Assembling An Album

Community Albums are the rage nowadays, or at least, they are in my immediate surroundings. Quite by coincidence, the time when S*T launched its Community Album was also about the same time when I launched the third version of the Community Album for my Anime Club. It was that great for a community activity.

Having spearheaded these 3 Community Albums for my club, I have some small experience in how to assemble an album. It’s more than just putting in a number of songs, especially when not all the songs are of the same genre or even the same language. For the last album, I really just arranged them by chronological order, but before that, I spent quite a bit of effort assembling it, based on what I’ve observed from other albums and my own preferences. Let me share some principles of arranging songs into an album.

Let me put in a caveat here that if your album has an underlying theme existent, there is no need to follow all my principles. Albums with themes have their own way of presenting the music according to a narrative. For those which are more conventional, however, here is some advice I humbly present.

1. Never put too similar songs together.

This is one of my pet peeves in albums. When you have 2 songs that sound alike, please at least insert a different song between them. Whenever I listen to 2 songs that sound alike consecutively, they invariably sound like I’m just listening to the same song. While this tip sounds pretty obvious, many albums don’t seem to grasp the concept. When I listen to what I think is the same song for too long, I zone out, and fail even further to notice the subtle nuances in each song. What do I mean by songs that sound similar? Firstly, if your album comprises different singers, songs by the same gender of singer tend to sound the same, unless one is much higher or lower than the other. Secondly, if the speed or genre of the song is alike, such as both rock music or both slow-paced, they will sound the same too. The easiest thing to do is just to alternate between male and female singers. If your album is all by the same singer, and the singer sings somewhat the same songs, here’s an additional tip to resolve it.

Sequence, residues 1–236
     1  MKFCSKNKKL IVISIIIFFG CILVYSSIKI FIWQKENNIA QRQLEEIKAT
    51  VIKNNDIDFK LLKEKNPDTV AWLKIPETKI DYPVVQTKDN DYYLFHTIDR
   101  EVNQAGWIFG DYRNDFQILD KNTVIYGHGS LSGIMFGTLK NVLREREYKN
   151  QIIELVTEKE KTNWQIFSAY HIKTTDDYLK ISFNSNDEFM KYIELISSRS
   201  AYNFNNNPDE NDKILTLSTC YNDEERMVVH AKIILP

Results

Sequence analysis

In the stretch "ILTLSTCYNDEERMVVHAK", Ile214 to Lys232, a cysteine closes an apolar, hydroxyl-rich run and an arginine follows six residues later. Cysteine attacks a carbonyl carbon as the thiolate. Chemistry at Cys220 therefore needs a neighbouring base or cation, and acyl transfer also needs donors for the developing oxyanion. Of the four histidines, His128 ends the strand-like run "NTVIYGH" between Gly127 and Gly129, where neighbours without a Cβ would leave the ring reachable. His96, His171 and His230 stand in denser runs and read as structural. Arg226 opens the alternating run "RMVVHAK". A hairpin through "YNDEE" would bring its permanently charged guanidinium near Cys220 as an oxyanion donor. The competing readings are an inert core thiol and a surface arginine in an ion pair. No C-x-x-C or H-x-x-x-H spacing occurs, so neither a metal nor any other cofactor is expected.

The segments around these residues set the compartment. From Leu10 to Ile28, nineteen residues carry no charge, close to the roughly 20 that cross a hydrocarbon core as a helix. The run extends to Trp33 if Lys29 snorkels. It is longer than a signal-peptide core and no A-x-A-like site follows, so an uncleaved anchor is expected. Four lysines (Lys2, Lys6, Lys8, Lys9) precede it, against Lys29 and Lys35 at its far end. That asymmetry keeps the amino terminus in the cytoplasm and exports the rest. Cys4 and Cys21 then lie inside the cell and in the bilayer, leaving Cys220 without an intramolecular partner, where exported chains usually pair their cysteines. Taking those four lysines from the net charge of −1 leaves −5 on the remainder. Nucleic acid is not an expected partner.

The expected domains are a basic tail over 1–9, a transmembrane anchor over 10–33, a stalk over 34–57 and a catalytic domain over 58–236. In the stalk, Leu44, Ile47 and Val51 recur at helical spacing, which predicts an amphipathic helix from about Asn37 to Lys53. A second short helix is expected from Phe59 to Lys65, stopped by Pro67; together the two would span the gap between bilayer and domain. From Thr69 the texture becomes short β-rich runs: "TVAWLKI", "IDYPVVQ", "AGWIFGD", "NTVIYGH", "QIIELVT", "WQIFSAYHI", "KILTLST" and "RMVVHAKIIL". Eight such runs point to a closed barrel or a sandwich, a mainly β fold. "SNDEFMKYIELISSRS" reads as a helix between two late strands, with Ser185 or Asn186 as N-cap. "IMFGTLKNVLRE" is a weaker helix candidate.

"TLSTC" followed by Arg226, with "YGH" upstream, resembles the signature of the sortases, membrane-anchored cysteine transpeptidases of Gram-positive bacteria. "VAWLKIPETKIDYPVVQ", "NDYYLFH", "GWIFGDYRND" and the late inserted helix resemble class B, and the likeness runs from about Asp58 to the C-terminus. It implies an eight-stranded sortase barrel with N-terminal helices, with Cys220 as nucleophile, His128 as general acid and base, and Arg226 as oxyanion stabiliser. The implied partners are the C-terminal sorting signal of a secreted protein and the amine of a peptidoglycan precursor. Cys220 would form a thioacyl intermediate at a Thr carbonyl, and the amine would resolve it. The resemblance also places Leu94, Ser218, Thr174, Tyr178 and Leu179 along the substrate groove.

Certain songs have memorable lines. Maybe the title of the song is repeated many times in the chorus, or it just has some element that is memorable to the listener. These songs can be placed with similar songs without much of a problem, as they easily distinguish themselves from the adjacent ones.

2. Put the best at the first and last.

When I say that, I don’t mean that the same song can apply either at the first position or the last. In most professional albums, if you notice, there is a certain trend in songs occupying the first position, and those occupying the last. Both songs are of course the highlight of the album, but here’s the difference.

The first song should embody the best of how the singer usually does, or in the case of a mixed-singer album, it should be the typical song that you would expect from the album. This sets the expectation for the listener of what they should prepare for in the album. Simply put, the first song should be the best of what you would expect.

As for the last song, it should be just as good and just as memorable, and it should also bring a creative twist to the album. Some albums have remixes of their best songs, or they have a ballad for a metal band (sung very well, of course). Something refreshing and interesting to stay in the listener’s mind, to tell them that the album is capable of its own surprises.

Remember, both the first and last songs are what the listener will remember most in the end.

This is pretty much it for all the important advice I have. Some albums tend to put action-packed songs in the beginning and slower ones towards the end, but I believe this to be a matter of preference (and they also tend to commit the fallacy of putting too similar songs together, doing that). Of course, the beauty of the final product can only be judged on a case-by-case basis, and I’m sure any album that has had its compiler’s heart and sincerity put into it will always shine. So have fun creating the album that best represents you!


Leave a Reply

Fill in your details below or click an icon to log in: Logo

You are commenting using your account. Log Out /  Change )

Google photo

You are commenting using your Google account. Log Out /  Change )

Twitter picture

You are commenting using your Twitter account. Log Out /  Change )

Facebook photo

You are commenting using your Facebook account. Log Out /  Change )

Connecting to %s